• I don’t feel like writing in my diary everyday
  • I don’t know if what I write is correct or not
  • Nothing interesting happened anyway

I am sure that you know what I am talking about… I start writing, but I don’t know if what I write is grammatically correct, if it is colloquial, and in the end, I end up thinking “what’s the point? If I go on like this, I will only get used to making the same mistakes”. It is frustrating to think that what I write might be wrong, or to have the feeling that everything I write sounds like a textbook. It does not sound natural or “Japanese”, it sounds like example sentences of a grammar textbook…

Then, I just don’t know what to write about. Nothing exciting happened, so I end up writing the same things that I wrote yesterday. In the end, all my entries look the same, and I feel like I am always writing the same thing. I also feel that I cannot use all the cool-looking grammatical patterns and words that I have learned. I have studied all the grammar from N5 to N1, but still, I can only use very basic patterns. It is discouraging.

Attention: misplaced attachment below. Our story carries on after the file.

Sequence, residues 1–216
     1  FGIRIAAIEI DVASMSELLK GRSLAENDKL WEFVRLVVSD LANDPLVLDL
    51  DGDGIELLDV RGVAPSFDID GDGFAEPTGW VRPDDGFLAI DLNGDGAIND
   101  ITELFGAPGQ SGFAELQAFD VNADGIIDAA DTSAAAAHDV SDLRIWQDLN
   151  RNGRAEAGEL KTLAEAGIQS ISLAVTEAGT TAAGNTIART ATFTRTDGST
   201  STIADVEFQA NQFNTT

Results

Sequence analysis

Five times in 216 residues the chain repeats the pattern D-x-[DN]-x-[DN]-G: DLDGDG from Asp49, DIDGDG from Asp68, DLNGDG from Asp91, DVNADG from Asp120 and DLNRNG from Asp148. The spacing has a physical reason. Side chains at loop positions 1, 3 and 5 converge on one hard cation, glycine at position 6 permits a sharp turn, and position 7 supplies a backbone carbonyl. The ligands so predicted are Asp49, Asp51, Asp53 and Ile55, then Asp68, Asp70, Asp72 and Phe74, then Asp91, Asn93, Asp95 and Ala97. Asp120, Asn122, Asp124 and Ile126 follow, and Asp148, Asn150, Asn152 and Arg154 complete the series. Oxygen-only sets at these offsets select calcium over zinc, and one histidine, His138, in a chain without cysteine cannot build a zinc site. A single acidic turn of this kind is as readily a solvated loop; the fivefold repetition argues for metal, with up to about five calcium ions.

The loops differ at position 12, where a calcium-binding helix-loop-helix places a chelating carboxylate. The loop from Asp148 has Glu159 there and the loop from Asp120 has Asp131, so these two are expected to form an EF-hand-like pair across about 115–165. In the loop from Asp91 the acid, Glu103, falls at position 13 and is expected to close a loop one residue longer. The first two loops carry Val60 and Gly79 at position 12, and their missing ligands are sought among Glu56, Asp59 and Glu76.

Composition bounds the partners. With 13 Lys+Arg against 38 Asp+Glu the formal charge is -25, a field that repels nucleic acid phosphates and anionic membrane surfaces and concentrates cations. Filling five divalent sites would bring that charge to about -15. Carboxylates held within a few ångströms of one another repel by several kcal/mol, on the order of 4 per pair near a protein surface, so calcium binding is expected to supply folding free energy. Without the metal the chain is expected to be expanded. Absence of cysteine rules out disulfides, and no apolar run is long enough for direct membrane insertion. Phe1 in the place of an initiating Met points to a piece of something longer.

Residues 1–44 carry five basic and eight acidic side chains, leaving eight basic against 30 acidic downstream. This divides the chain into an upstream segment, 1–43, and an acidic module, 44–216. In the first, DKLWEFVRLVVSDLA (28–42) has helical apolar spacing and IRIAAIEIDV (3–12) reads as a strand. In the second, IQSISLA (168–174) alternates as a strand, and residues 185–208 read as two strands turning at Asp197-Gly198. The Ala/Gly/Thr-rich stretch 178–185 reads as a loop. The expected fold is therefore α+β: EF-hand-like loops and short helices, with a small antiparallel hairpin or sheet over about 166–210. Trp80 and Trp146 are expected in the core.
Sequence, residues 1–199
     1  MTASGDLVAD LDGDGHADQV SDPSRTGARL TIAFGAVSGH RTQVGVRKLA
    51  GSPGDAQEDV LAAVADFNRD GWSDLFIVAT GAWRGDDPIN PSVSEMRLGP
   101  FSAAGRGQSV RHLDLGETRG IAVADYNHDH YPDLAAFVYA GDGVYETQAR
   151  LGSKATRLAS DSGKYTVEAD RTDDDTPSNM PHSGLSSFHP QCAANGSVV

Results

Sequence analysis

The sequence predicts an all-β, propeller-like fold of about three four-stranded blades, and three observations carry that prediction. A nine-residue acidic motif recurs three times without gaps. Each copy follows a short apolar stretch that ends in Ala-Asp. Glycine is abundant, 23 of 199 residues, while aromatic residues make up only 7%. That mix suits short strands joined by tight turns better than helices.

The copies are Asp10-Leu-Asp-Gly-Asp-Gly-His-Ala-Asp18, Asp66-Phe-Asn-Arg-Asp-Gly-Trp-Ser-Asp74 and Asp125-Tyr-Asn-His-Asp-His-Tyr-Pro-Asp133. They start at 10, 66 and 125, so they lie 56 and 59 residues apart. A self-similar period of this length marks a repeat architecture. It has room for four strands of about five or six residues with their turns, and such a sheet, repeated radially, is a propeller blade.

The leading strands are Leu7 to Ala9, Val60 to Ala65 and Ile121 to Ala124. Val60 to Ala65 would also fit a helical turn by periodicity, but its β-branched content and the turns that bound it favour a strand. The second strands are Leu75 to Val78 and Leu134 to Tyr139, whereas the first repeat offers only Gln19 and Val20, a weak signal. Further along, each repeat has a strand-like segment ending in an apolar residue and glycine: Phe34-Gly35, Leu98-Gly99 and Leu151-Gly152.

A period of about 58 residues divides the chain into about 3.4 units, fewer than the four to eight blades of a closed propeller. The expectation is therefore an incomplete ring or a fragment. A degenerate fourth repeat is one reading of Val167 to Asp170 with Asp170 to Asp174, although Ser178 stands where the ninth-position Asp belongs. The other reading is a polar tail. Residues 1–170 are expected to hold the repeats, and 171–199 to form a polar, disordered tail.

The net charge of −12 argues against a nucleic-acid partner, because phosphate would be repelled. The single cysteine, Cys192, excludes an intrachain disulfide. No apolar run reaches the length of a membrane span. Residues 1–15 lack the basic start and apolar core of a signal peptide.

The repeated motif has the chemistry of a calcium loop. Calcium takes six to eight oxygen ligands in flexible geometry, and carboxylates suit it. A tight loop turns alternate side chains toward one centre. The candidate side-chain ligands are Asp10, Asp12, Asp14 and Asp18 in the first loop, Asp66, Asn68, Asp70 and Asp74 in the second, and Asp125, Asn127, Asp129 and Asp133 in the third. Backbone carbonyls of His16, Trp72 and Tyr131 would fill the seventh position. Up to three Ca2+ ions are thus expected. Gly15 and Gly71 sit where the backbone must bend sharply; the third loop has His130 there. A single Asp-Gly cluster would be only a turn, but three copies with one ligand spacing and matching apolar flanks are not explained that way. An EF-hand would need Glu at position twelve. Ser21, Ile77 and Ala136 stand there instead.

Finally, writing a diary every day is not easy, even in your mother tongue. You need to be consistent and write even if you don’t feel like to. And when the excitement of the very first days is over (when I just bought a new notebook and feel that this time, I will stick with it), I just never feel like writing a diary in Japanese.

Animal Crossing New Horizons diary!

I figured out that writing an Animal Crossing diary solved all these problems.

First of all: writing every day or, at least, regularly becomes very easy! I want to play Animal Crossing everyday, and if I play, I also write in Japanese. I am not sighing “Ah yes, I need to write my diary in Japanese, what a bore…”. I am impatiently waiting for the moment of the day when I will be able to open the game and write what happened in my notebook.

I find it easier to talk about what my fictional character does than to write about my real day. I won’t think that “nothing interesting happened” because I find everything that happens in the game interesting. It is also easier to write about things if they are not too personal.